Don’t judge a game on its accents, especially not if they’re British
Remember The Getaway? It was a PlayStation 2 game released in 2002 that plonked the player right into the world of cockney gangland mischief. Villains with shooters, mouthy bleeders getting all previous and a cast of toe-rags looking for a dry slap. It did quite well – it was a bit short, but the style was distinctive and the writing was spot on. It isn’t hard to see why. The remake of Get Carter as well as Snatch had come out in 2000 and everyone in Britain was talking like psychopathic pearly kings.
I had reason to be in America not long after The Getaway came out, and I recall being asked about it a lot. Of course, Lock, Stock And Two Smoking Barrels; Snatch; and even EastEnders are known to have our US chums staring at us with ultimate perplexitude. But all they talked about – all they cared about – was the ‘Britishisms’ in the game. To them, that was the game.
I realised that no matter how good the UK is at making games, they’re always viewed as ‘British’ in the States. And although that’s not necessarily bad, it’s at best condescending, and at worst something of a distraction. If it’s not the quaint words we use, it’s the English humour or the accents our games have. In America, we stand out. We always have and I suspect we always will – there’s a sort of osmosis whereby we in the UK absorb far more US culture than they absorb culture from us. We’re used to films, songs, games and sports being American. It doesn’t really register and although we can stereotype their great nation when it’s convenient to call them thick, obese, or war-mongering, we really are too close to have such simplistic views.
But Americans still have simplistic views about us. It’s simply because we’re smaller and because we have history to thank for making us the kings of them for a while, so they have the view that we’re smart, emotionless, aristocratic and quirky. With poor dental hygiene. It’s sort of OK that they think this, but unlike the way we see them, it never goes away. Chat to someone in the US and it’s likely that you won’t be constantly aware of their country of residence. But, before long, they’ll mention yours. Either the way we spell things incorrectly, or simply our detached air of superiority will crop up. They’ll make reference to the Royal Family, or that Cornwall is years older than Detroit, or something.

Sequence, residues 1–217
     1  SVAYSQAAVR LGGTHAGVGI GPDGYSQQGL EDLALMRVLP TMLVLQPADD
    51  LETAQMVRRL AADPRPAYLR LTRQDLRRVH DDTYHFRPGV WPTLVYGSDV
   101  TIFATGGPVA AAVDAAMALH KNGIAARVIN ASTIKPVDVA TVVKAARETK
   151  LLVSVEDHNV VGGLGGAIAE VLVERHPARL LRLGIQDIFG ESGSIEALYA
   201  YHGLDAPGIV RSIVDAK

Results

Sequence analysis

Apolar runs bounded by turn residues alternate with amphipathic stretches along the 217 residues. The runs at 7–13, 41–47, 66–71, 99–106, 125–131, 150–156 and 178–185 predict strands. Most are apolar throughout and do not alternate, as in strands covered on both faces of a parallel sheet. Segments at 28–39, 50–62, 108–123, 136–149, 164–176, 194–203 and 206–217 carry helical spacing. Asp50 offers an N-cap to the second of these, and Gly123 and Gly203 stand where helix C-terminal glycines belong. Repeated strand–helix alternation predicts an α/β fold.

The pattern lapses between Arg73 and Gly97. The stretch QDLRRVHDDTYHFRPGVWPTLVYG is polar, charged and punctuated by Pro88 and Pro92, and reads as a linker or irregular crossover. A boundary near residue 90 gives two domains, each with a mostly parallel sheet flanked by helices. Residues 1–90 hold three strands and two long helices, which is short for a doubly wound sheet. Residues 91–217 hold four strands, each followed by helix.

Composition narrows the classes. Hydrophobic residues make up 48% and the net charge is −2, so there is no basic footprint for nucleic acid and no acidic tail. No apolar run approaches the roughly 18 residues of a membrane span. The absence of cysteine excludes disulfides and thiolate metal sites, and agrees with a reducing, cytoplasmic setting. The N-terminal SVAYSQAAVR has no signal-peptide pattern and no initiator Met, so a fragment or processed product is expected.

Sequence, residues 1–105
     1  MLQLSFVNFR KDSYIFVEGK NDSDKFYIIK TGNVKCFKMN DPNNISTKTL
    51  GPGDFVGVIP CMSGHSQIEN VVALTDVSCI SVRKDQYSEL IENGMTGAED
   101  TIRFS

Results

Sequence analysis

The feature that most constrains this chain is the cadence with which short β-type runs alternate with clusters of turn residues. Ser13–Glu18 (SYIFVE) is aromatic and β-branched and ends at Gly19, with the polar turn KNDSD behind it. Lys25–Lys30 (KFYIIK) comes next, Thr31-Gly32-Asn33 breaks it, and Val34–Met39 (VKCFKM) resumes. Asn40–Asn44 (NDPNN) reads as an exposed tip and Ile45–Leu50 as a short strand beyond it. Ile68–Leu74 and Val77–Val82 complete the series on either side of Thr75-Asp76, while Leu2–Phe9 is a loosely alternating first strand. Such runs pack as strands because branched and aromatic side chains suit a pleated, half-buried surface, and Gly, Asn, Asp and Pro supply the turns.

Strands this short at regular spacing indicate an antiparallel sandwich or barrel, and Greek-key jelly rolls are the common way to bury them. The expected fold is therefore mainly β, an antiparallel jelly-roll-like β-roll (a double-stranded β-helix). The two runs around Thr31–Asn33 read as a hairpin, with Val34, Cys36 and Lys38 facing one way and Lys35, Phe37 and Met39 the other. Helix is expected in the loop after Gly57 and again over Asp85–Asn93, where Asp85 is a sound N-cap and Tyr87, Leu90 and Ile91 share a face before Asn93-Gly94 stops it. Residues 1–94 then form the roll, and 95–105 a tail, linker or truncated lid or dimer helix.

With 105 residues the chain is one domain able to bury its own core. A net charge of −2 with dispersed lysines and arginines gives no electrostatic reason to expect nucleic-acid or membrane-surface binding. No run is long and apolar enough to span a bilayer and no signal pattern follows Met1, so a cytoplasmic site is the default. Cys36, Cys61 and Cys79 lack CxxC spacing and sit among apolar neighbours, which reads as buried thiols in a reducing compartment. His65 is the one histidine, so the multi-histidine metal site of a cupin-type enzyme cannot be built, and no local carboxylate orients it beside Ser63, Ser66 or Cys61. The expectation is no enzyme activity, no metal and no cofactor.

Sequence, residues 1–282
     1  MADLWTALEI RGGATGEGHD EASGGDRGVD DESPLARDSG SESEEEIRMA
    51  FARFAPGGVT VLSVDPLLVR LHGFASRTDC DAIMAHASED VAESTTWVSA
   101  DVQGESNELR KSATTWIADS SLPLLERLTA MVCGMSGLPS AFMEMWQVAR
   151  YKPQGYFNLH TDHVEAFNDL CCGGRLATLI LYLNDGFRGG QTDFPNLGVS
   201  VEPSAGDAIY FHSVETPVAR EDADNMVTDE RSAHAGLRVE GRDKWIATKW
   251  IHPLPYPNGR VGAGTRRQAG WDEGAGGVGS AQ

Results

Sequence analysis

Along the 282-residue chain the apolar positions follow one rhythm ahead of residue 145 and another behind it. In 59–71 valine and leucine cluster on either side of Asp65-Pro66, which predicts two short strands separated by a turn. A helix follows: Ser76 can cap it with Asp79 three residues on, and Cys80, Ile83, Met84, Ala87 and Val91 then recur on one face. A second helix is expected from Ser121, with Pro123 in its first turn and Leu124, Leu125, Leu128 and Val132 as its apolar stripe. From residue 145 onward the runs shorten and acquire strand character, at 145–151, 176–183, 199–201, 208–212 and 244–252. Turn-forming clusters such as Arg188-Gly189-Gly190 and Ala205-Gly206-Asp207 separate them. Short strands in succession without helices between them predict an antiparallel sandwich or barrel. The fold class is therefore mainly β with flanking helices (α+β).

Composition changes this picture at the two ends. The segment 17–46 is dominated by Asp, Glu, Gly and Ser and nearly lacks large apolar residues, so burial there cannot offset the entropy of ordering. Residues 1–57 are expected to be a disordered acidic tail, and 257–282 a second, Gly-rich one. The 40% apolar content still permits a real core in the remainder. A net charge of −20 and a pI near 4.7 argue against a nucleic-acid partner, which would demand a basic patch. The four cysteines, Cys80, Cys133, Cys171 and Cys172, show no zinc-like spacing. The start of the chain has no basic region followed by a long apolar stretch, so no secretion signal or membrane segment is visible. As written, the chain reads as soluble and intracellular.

Place before an American audience a videogame lovingly crafted on this side of the Atlantic and the Britishness will stand out. Even if there isn’t really any. Spellings aside, well-written English is near-identical to well-written American English. Of course, the moment they hear the accent a bell goes off in their heads, but they’ll think one of three things. One, they think medieval. When I was writing the Fable script, I was asked by a Statesider whether it was hard to write in such an old Shakespearean style. I wasn’t doing anything of the sort, of course; I only know Shakespeare from that Simpsons episode when he’s a zombie and Homer blasts him with a shotgun. But by simply using fewer contractions and removing the excesses of today’s yoofspeek, Fable sounded like Hamlet or something. If Shakespeare wrote that. I dunno.
Then come the comments about our English sense of humour. When pressed, your American will say we have a dry wit, and possibly that we’re surreal. Well, I’d like to advance the notion that our dry wit is simply understating great gags in the manner of people like Sean Lock or Bill Bailey. And not really shouting. Surrealism? Got to be a throwback to Monty Python, hasn’t it? We haven’t been surreal since fish lipstick unicorn. See? I can’t even do surreal. “We love your English sense of humour”? Well, me old dude, when you look at it, it’s the same as yours with fewer exclamation marks and an English accent.
Finally, yes, the accent. The Americans around us will say that we talk funny. It’s fair comment in the case of the mockney geezerishness of The Getaway and all that. Slang, especially rhyming slang, shouldn’t be understood by anyone not of these shores. If we thought someone had cracked it, we’d have to change the code wheels and bin 180 years of apples and strife nonsense. Also, a hint of Welsh, Irish, or anywhere outside of David Attenborough’s house and they’re stymied.
Hold on, though. I’m a hypocrite; I just realised. I don’t play Japanese games without having a voice in the back of my mind saying, ‘This is a Japanese game. Get ready for tentacles, nukes, and tiny girls.’ I see ‘Japaneseness’ pervading their games in precisely the same way that many Americans see Britishness pervading ours. And does this mean that the games from Japan are bad? Or that I see them as worse because of my stupid racist blinkers? No. Well, a bit. But many of my favourite games come from Japan and I wouldn’t change them for the world.
So, OK, America. Yes, we all went to Hogwarts and we all know Gordon Ramsay. And, yes, we did have an empire, but it’s gone. But darn it, judge us if you may as pointless toffs with teeth like vandalised graveyards, but we make the best games in the world and you know it. I think I need to sit down for a biscuit and a little cry now.